Of the seven candidates who will appear on the June 7 ballot only Robert Bernosky responds to BenitoLinks’ questions.
California’s secretary of state oversees elections and serves as clerk and recordkeeper, handling the registration of voters, businesses, lobbyists, campaign donations and the state archives.
The office has become of more political importance following the last general election, when secretaries of state across the country were required to defend the legitimacy of vote counts and voter rolls.
There are seven candidates who will appear on the June 7 ballot:
- Shirley N. Weber (Incumbent, Democrat)
- Rob Bernosky (Republican)
- Rachel Hamm (Republican)
- James “JW” Paine (Republican)
- Raul Rodriguez Jr. (Republican)
- Gary N. Blenner (Green)
- Matthew D. Cinquanta (No Party Preference)
Benitolink reached out to all seven candidates with questions. As of publication time, only Rob Bernosky responded.
Rob Bernosky, 58, is the regional vice-chair of the California Republican Party. He was born and raised in Wilmington, Delaware, and resides in Hollister. He has been a finance professional his entire career (accountant, financial analyst, controller and chief financial officer) and ran for San Benito County Supervisor in 2018 and served in the Hollister School District Board of Trustees (2016-2020).
BenitoLink: What makes you better qualified for this position than the other candidates?
Bernosky: I have been involved in the voting process for the past two decades (and in reality much longer, as a poll watcher in my hometown), and am familiar with the end-to-end process. I have held positions in local and statewide political positions where issues become known, adding to my knowledge base. I have held elected positions where special elections and redistricting has occurred and decisions had to be made. In my professional career, I have done a lot of forensic work, finding discrepancies in large amounts of data, and then resolving them, including implementing policies and procedures to prevent the discrepancies from reoccurring.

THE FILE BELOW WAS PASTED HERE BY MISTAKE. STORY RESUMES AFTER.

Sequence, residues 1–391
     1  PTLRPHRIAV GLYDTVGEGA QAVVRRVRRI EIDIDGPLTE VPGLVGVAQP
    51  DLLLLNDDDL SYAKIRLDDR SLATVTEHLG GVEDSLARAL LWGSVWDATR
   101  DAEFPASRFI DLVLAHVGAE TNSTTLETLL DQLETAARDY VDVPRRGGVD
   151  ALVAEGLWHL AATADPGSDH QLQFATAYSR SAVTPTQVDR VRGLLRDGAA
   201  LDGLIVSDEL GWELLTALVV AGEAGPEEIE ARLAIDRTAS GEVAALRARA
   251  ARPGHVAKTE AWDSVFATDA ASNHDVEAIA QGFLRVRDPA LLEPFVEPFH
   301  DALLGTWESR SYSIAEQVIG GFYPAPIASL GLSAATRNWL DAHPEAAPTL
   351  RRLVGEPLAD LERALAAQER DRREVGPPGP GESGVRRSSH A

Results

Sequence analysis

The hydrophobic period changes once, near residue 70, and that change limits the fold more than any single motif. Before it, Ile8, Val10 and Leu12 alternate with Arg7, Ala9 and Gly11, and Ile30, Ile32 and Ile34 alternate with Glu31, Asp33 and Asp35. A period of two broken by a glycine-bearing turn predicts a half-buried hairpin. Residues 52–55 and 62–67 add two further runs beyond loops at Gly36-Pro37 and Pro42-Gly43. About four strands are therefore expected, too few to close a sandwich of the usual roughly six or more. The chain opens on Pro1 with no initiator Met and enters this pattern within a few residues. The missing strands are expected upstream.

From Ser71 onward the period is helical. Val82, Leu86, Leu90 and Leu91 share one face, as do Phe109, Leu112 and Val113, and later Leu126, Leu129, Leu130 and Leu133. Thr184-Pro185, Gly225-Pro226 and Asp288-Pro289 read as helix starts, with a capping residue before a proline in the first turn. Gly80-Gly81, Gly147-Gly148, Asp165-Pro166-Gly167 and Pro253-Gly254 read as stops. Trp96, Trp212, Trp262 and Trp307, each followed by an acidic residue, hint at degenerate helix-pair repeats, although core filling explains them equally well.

As an executive in the business world, I frequently use the business services provided by the secretary of state’s office and clearly understand what people need in order to have a robust economy where businesses can feel comfortable housing their companies here. As the secretary of state, I would continue to improve those services.
It can be difficult for residents to look up financial reports from lobbyists or elected officials. How can the state make that information more accessible?
This problem can be resolved by creating an easily accessible database of the financial reporting, much like corporate America and other government entities do as part of their normal course of business, to make information easily retrievable. If we can Google a product and instantaneously find out who sells it at what price and when it can be delivered, I am pretty sure we can get the relevant information with financial reports.
Why are you running for this office?
California is dying as a place where the middle class can succeed. Inflation is raging, especially energy and food prices, crime is widespread and increasing, schools are not giving children and their parents what they need to succeed, and we cannot move about quickly because traffic is so bad. We need to come together and restore our republic where people have confidence in their government, everybody’s voice is heard, and there is confidence that everyone is being treated fairly. I want to play a role in making that happen.
In your opinion, are the elections in California secure? If they aren’t, what changes need to be made?
I think that the elections in California are secure where I have confidence that there is not widespread fraud. However, the elections need to be conducted so that if there is just a modicum of doubt, the proof of the vote can be demonstrated easily.
As secretary of state, what would be your No. 1 priority?
To eliminate any barriers to ordinary people running for office, people knowing their vote was counted and that no one who is not supposed to vote does not, and to help people who want to know what can be done about elected officials that they believe are not acting in the interest of the people.
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